Yeah, it could very much be attributed to congestion. People probably aren't utilizing the network as much in the morning, and then there's a lot of saturation in the evening. Usually how things go.
Verizon does most of its cell work in the late hours and with the removal of unlimited data your theory sounds plausible. It used to be from around 7am to 6pm things would be the slowest but I think those users now Wi-Fi instead when possible. From about 5pm to 9 pm are my slowest times now instead of mid morning.
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interesting I think that is why vzw may be needing to go to AWS technology to help with issues of congestion. I am curious how many people on verizon are experiencing this issue and did vzw rush to get the towers up to be "first" and now are needing to go back and update to handle more congestion?
Personally since going to at&t my lte has been consistent but that is in my area want to see if they are having issues in high congestion areas as well. Plus vzw is arguably the largest carrier so they may be running into issues other carriers may not have to deal with still for them to be as reliable is impressive.
Peak usage hours certainly does create latency issues, and time shifting might not correct this either, if more people are doing the same thing.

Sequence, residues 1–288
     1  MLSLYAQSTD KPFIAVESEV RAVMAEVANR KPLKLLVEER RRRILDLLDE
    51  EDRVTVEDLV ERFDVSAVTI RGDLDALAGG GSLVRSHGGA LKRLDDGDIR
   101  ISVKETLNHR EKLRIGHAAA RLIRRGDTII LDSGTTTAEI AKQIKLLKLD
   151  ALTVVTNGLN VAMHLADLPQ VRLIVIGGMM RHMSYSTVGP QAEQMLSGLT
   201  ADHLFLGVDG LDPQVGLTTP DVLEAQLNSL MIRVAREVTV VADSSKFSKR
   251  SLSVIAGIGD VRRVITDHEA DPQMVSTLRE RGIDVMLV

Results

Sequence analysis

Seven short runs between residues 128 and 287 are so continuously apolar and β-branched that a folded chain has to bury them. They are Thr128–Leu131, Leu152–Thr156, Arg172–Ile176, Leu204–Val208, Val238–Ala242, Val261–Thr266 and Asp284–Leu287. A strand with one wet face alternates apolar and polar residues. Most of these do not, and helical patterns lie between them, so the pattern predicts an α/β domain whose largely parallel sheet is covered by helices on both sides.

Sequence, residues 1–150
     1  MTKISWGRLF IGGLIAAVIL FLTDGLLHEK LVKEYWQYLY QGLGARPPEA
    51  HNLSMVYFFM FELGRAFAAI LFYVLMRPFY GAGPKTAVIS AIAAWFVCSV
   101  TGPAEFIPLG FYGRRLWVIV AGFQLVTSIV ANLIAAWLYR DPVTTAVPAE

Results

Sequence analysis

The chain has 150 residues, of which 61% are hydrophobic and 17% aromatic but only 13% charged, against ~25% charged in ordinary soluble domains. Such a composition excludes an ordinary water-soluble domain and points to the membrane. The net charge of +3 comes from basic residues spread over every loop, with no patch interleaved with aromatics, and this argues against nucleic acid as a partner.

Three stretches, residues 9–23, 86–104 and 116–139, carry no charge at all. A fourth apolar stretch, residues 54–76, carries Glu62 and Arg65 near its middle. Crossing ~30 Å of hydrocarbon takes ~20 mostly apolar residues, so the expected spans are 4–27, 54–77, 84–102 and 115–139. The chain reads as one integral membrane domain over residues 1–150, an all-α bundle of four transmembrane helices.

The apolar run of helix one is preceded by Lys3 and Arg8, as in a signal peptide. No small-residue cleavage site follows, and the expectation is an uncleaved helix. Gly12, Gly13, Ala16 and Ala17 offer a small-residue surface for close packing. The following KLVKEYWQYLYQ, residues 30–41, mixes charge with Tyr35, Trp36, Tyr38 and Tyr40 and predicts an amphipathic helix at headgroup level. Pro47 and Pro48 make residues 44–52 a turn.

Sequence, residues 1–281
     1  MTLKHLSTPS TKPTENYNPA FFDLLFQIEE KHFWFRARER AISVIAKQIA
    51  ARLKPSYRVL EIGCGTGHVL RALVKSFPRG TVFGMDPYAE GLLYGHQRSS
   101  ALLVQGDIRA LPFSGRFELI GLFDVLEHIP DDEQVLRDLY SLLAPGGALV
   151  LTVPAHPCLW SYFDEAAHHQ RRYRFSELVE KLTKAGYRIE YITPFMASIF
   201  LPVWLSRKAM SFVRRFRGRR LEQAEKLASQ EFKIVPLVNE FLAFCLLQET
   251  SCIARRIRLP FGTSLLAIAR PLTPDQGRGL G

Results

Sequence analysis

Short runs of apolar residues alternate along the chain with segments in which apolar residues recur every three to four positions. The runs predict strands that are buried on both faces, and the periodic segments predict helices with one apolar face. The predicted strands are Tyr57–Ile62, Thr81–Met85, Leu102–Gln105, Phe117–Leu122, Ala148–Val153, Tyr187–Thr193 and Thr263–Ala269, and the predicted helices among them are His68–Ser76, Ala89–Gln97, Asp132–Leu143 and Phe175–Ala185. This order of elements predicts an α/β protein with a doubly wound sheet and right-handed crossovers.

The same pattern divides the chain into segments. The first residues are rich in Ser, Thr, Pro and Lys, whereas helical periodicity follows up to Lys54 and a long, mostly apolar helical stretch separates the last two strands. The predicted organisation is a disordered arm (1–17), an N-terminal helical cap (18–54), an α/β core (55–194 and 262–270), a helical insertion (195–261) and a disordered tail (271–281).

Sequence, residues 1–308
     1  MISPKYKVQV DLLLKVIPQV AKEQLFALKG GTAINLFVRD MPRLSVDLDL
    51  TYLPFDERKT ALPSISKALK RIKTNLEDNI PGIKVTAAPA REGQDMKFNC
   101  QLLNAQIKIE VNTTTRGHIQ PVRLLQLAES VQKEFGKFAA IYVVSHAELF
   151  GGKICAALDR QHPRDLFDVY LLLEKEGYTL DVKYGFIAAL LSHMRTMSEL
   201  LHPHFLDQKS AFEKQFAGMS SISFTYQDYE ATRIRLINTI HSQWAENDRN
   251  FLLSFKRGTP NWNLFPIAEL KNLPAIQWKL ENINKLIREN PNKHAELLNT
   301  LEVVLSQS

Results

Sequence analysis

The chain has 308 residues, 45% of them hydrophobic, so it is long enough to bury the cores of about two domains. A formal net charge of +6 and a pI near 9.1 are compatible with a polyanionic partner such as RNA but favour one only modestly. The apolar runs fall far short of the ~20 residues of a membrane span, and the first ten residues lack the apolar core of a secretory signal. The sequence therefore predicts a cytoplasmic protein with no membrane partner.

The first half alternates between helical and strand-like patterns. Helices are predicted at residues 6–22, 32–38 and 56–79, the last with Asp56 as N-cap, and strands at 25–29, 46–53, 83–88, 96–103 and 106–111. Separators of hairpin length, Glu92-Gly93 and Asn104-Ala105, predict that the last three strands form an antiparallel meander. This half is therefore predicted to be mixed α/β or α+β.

My little corner of the world rarely has congestion issues, as there are no where near as many users available to cause congestion. But there are almost no 4G systems here, and those that are available, are not accessible to me from home, I have to drive 13 miles west, so that is not happening just so I can use 4G.
I drive to customer's locations all the time, and after dragging test equipment around all day, I have no desire to drag my tired butt into town just to chat on 4G systems.
If I need to do this, I'll climb my tower and place a few 23 element Yagi antennas at 75' and feed them with 3/4" heliax, terminating at my Wilson adjustable bi-directional amplifier.
Signal power, I have plenty in reserve.
Its basically the backhaul. The basic idea is this, if you have a 10 Gigbit connection and you have 10 people using it, thats not too bad. If you have the same connection and 1000 people using it, it will be a lot slower for everyone.
The back haul data is the reverse channel for data, the latency is bidirectional, and as more users access a single tower, that site's latency increases with proportional loading.
Also, every phone has an overload access number assigned to it, the higher that number, the faster you get dumped in favor of a lower ordered number when loading begins to become a problem on specific tower sites.
An in-state carrier I contract for does this, and it is part of the commissioning phase of the build-out for specific sites, with fire and medical always acquiring the highest access overload numbers, and the rest of us peons get the lower-ordered access. Doing what I do, I am able to make changes to our phones so we are never dumped in favor of anyone, sort of selfish, but a perk I can live with. Since I have to answer calls for system outages at all hours, I also need to know if I need to call for assistance, I will not be dropped in favor of a facebook update.
A picture of a VZW reverse channel tower signal, taken from my home monitoring system.